A Rainbow of Hope for Chronic Pain

A rainbow is a symbol of hope and promise, its beauty connecting the earth with the sky. It is magical and spiritual.

When I was growing up on our family’s farm in Nebraska, the rainbows over the wide-open landscape were breathtaking. I loved the smell of the air full of the ozone that preceded and followed the thunderstorms. The cooler temperature brought by the rain was a welcome relief amid the sultry summer days. Sometimes I could feel the charged air as if I were being bathed in electrons rejuvenating my soul.

The rainbows also provided my family with a sense of security because they meant we were likely receiving desperately needed rain. Rain was a life-sustaining element for dry-land farmers, because without rain, there were no crops. And without crops, we had no income. A rainbow gave the feeling that survival was possible. A rainbow meant joy.

Over many years of treating people in pain, I wondered whether my patients had rainbow experiences in their lives or whether instead their lives were sere existences. I could tell they were thirsty for more than what their current life was offering. This is why they sought my help.

Rich relationships with people who care can be the rains that offer hope for people with chronic illnesses. People in pain must have a rainbow. They need to believe. They need to have hope and a promise that life can be meaningful and enjoyable.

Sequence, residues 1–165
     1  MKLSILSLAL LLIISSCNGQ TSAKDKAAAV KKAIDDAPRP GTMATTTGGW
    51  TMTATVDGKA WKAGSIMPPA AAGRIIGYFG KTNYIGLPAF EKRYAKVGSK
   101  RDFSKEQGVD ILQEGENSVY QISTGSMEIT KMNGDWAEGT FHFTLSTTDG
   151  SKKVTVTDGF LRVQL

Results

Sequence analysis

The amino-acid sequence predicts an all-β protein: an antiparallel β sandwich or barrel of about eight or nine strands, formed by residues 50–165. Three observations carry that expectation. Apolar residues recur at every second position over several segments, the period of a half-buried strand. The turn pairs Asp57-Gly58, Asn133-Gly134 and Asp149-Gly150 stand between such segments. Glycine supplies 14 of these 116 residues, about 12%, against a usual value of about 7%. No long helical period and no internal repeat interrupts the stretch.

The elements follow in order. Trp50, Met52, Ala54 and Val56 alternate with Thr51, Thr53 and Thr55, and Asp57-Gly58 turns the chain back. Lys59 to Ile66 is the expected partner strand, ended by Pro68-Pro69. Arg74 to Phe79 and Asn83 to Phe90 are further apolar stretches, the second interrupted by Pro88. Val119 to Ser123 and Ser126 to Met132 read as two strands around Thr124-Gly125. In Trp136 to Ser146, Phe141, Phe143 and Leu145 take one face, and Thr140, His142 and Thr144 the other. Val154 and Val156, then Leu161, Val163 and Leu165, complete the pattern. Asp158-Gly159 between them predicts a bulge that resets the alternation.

Rainbows are bridges, literally and figuratively. If you have a rainbow, please share it with a broader community. If you don’t have a rainbow, create one by touching someone who cares. Sharing will build your connectedness and will make your rainbow shine more brightly.

2 thoughts on “A Rainbow of Hope for Chronic Pain

  1. My rainbow came from find the neurologist who correctly diagnosed me with Hemiplegic Migraine. He took me off the debilitating amount and combination of medications I had been previously prescribed, found a safe and effective low dose combination of 2 medications, and reduced the frequency and severity of my HM episodes by 75%.
    I am still disabled by this unpredictable disease and have pain, but I am able to enjoy the good days, and find small joys in worst.

  2. I just wrote a post about a rainbow in my life: A rainbow under my feet. This is on a supportive website for people with chronic pain, called Living in Color with Chronic Pain. http://www.chronicpainandyou.com/?p=2010

    I appreciate your passion for your patients, just started reading your new book. While I have researched CP for the past 25 years, I also realized that we are in a crisis with the both the habits and the changes RE: opioid prescribing. I am trying to offer alternatives.
    Thank you. Kerima

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